By William F.B. Vodrey
The Cleveland Civil War Roundtable
Copyright © 2002, 2007, All Rights Reserved
Sir Winston S. Churchill remains, four decades after his death, perhaps the most admired Englishman of all time. His indomitable leadership as British prime minister during World War II and his close personal ties to both Roosevelt and Truman are still remembered here; less well-known is the fact that his mother, Jennie Jerome, was an American.
Churchill loved history throughout his life, and often wrote about it. When he was virtually exiled from the British government in the 1930s, he supported his family through his writing. He won the Nobel Prize for Literature for his four-volume A History of the English-Speaking Peoples, and it is from those books and several others that Churchill’s grandson, who bears the same name, has collected and edited Churchill’s writings on America. Churchill’s The Great Republic: A History of America (Random House 1999) is a sweeping overview of American history from Columbus’s voyages to the dawn of the Cold War.
Churchill was very interested in the Civil War. He took an extended coast-to-coast tour of the U.S. in late 1929, and visited Fredericksburg, Chancellorsville, Gettysburg, Spotsylvania, and the battlefields of the Seven Days Campaign. He knew the war well, and once corrected FDR when the President mistakenly referred to the Battle of Gettysburg as having been fought in 1864. In “Old Battlefields of Virginia,” Churchill wrote that Virginia was “beaten down, trampled upon, disinherited, impoverished, riven asunder and flung aside while Northern wealth and power and progress strode on to empire. And yet it had to be. Hardly even would the adherents of the Lost Cause wish it otherwise.” At Spotsylvania, Churchill’s battlefield guide was a man who’d been just eight at the time of the battle, but still remembered its tumult and carnage. Churchill, always a glutton for military detail, was thrilled.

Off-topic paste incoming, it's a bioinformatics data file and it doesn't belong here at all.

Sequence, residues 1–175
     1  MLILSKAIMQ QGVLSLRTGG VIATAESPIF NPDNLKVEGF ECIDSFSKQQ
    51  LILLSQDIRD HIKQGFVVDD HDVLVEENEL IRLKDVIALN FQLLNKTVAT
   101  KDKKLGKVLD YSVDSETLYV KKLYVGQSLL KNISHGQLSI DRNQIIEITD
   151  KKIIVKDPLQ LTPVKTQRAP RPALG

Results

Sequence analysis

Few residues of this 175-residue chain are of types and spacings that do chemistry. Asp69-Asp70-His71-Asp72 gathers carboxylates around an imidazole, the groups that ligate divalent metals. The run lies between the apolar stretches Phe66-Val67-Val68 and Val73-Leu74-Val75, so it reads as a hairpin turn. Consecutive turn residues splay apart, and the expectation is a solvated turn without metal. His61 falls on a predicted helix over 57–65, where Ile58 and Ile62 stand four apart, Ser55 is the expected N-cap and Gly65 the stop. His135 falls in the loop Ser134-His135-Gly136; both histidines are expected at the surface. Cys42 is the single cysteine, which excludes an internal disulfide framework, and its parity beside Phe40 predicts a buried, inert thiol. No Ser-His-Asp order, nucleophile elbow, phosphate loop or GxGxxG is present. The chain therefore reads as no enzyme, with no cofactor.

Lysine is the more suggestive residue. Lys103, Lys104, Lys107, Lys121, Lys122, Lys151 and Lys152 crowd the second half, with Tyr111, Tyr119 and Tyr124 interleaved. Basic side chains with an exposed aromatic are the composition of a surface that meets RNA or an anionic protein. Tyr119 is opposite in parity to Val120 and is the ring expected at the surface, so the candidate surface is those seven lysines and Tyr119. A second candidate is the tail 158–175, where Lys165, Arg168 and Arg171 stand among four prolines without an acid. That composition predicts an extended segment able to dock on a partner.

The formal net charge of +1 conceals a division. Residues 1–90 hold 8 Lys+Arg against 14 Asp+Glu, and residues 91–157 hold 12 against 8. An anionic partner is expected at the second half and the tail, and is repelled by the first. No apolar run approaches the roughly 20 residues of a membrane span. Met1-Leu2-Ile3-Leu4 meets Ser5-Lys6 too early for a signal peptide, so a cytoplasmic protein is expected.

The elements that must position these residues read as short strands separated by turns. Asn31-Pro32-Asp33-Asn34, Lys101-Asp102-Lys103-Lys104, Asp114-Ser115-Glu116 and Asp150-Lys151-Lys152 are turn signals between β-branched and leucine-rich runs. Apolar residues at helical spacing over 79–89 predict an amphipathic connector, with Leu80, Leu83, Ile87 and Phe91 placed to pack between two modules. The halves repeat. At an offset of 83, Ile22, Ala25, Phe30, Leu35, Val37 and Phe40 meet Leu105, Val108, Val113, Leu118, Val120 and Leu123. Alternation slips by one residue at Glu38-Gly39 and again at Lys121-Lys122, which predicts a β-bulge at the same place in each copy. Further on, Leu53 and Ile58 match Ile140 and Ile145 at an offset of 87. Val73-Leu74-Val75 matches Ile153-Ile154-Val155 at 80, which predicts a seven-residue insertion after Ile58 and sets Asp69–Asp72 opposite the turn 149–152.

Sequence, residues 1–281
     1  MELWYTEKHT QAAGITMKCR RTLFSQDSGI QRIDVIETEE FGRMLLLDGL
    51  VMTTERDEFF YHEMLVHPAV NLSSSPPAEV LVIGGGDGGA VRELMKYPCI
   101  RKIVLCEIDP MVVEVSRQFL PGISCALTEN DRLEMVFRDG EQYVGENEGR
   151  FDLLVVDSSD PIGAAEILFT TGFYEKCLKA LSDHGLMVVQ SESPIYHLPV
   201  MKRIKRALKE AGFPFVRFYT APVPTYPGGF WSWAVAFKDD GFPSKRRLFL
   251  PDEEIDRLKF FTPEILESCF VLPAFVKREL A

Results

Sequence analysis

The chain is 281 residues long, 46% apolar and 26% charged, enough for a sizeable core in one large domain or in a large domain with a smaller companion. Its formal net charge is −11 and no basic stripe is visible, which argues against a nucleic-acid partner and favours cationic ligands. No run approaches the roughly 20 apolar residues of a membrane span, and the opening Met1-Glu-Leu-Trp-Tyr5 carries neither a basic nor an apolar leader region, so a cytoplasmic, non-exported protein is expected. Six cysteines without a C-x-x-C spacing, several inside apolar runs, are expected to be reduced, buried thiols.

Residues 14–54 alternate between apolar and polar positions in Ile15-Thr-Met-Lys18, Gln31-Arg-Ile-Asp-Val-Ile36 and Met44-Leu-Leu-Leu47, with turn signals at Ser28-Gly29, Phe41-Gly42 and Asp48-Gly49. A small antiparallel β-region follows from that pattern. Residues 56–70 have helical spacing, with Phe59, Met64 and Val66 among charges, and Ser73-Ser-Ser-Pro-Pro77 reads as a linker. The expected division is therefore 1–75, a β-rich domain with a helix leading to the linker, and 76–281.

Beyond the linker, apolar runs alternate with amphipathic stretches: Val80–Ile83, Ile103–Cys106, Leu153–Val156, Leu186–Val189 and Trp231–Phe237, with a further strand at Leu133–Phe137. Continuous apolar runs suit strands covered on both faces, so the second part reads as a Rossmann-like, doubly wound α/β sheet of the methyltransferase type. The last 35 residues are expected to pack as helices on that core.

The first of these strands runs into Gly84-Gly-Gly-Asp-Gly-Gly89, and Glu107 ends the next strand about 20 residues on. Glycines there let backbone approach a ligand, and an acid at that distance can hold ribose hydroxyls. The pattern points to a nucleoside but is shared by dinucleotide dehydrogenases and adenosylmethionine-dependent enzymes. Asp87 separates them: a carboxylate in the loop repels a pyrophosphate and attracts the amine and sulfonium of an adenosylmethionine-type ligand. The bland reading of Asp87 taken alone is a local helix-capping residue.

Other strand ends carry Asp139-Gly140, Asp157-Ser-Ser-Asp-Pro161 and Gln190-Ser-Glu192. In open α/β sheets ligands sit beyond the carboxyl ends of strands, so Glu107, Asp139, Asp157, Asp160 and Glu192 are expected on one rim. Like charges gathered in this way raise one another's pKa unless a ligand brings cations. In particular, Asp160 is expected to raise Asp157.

In “If Lee Had Not Won the Battle of Gettysburg,” Churchill spun a bizarre what-if tale in which Jeb Stuart’s cavalry wreaks havoc in the Union rear while Gen. Robert E. Lee’s troops are able to seize Little Round Top. The Army of the Potomac is routed. Lee captures Washington, D.C. and abolishes slavery throughout the South. Oh, sure. Even if Lee had wanted to, he was too much the obedient soldier to issue such an edict, which would have been strenuously opposed by his commander in chief, to say nothing of the Confederate Congress. Even so, it makes for an interesting – if utterly implausible – read.
In his nonfiction writing on the Civil War, Churchill largely reflected the conventional wisdom of his times. He admired Lee and Jackson, criticized Grant for butchery, and thought Union victory was virtually inevitable. I was most surprised by his defense of Gen. George B. McClellan. Churchill believed that McClellan got “ill treatment” from the Lincoln administration, and that he was held to impossibly high expectations after assuming command. Churchill didn’t seem to understand that McClellan was largely responsible for these unrealistic expectations in the first place, and he wrote little about McClellan’s obvious arrogance, lack of fighting will, and contempt for President Lincoln. Still, for a trans-Atlantic view of American history by a masterful writer, I recommend Churchill’s book.
The Great Republic: A History of America by Winston Churchill
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